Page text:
Health Insurer violates the Cartwright Act by prohibiting wrapping of insurance plans by brokers and agents.
Ben-E-Lect, a third party insurance claim administrator, developed a “wrapping” strategy for reducing employer health insurance costs by bundling low-premium, high-deductible health insurance with self-funded accounts to pay employee healthcare expenses within the annual deductible and any co-pay requirements. Ben-E-Lect sold its wrapping services through insurance brokers and agents to the small-employer market. Between 2006 and 2014, Anthem restricted and eventually prohibited wrapping of all Anthem insurance policies, threatening to withhold commissions and terminate its relationship with any broker or agent that wrapped an Anthem policy. Ben-E-Lect sued Anthem under several legal theories for prohibiting the wrapping of its insurance policies. Following a bench trial, the trial court found that Anthem’s wrapping prohibition violated the Cartwright Act and tortiously interfered with Ben-E-Lect’s business relations, awarded treble damages of $7.33 million under the Cartwright Act, and enjoined Anthem from prohibiting wrapping of insurance products offered to the California small-employer market. Anthem appealed.
The Court of Appeal affirmed. The court held that substantial evidence supported the trial court’s determination that, analyzed under antitrust law’s rule of reason, Anthem’s wrapping prohibition amounted to a vertical boycott that had a substantial adverse effect on competition. The court rejected Anthem’s argument that it could not be liable for conspiring with its own agents because the agents could act independently on behalf of their clients, could sell non-Anthem insurance products, and had separate economic interests.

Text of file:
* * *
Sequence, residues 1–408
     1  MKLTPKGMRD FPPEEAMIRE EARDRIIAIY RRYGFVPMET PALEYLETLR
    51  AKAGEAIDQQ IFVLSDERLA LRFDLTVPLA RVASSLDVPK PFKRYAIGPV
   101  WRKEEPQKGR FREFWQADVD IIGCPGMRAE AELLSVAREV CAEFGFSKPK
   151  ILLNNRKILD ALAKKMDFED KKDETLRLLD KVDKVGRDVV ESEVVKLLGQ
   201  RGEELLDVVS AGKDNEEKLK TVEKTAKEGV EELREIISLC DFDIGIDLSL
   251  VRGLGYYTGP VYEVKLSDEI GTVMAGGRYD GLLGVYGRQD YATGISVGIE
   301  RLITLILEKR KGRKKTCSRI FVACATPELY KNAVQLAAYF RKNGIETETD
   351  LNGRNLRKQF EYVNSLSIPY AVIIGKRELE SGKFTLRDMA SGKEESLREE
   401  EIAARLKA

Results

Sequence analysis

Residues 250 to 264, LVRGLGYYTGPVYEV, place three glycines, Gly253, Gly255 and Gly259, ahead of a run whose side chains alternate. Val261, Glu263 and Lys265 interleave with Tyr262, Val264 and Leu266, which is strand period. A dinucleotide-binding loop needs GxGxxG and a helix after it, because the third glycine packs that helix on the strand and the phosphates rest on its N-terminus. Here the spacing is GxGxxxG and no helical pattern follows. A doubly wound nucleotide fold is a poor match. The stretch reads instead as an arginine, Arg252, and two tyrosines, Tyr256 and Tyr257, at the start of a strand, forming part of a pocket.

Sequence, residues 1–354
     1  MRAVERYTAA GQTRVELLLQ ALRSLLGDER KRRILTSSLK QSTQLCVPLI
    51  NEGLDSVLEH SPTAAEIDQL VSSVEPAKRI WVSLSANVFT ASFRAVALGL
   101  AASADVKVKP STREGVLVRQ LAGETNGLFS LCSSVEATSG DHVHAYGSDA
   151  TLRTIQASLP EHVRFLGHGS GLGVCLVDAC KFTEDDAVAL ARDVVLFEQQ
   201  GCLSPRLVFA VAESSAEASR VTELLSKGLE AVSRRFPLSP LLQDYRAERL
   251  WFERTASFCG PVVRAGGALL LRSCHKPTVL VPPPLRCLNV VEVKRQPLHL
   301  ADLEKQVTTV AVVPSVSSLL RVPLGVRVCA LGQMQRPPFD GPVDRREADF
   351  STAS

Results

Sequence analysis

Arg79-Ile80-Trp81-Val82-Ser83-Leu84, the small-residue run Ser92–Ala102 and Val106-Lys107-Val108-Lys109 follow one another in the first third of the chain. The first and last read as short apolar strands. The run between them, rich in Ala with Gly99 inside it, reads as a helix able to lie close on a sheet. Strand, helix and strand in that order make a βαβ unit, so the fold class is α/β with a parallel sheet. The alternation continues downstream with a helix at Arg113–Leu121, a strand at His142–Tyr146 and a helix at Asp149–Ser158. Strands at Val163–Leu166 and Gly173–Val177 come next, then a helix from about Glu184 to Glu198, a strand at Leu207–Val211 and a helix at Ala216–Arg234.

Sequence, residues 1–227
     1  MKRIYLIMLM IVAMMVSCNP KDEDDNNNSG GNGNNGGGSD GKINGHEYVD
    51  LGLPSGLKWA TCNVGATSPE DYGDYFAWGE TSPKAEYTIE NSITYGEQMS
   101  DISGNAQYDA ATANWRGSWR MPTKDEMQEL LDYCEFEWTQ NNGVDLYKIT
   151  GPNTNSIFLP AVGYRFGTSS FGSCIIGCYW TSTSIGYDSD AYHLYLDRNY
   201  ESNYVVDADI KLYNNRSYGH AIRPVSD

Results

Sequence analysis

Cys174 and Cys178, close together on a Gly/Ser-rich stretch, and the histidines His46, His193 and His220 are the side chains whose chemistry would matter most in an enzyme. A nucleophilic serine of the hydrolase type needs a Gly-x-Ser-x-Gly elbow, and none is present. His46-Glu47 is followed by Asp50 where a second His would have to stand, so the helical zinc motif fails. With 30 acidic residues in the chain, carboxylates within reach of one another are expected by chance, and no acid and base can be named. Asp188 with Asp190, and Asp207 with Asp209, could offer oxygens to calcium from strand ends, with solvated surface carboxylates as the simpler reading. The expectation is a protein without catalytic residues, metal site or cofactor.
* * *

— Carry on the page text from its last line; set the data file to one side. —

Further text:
The court also rejected Anthem’s argument that Ben-E-Lect failed to prove that Anthem had sufficient market power in the relevant geographical market to charge prices higher than the competitive level. The court explained that, in a vertical boycott case, the inquiry is whether the defendant plays enough of a role in the relevant market to significantly impair competition, not whether it could raise prices above the competitive level. Here, there was substantial evidence that Anthem could significantly influence the market for small-employer health plans; it controlled 25% of the California market and was the dominant provider to the small-employer market in numerous large geographic areas.
Substantial evidence also supported the trial court’s determinations that the anticompetitive aspects of Anthem’s conduct outweighed its procompetitive aspects, and that Anthem’s wrapping prohibition unreasonably relied on projected utilization rates based on generalized statistical guidelines rather than an analysis of Anthem’s actual experience that conflicted with the general statistical guidelines. Ben-E-Lect also presented evidence that wrapping only minimally increased utilization, and that it experienced a pattern of reduced sales over the years Anthem’s wrapping prohibition was in place. Finally, Anthem’s own expert evidence supported the damage award.
The bulletin describing the Court of Appeal’s decision was originally prepared for the California Society for Healthcare Attorneys (CSHA) by H. Thomas Watson and Peder K. Batalden, Horvitz & Levy LLP, and is republished with permission.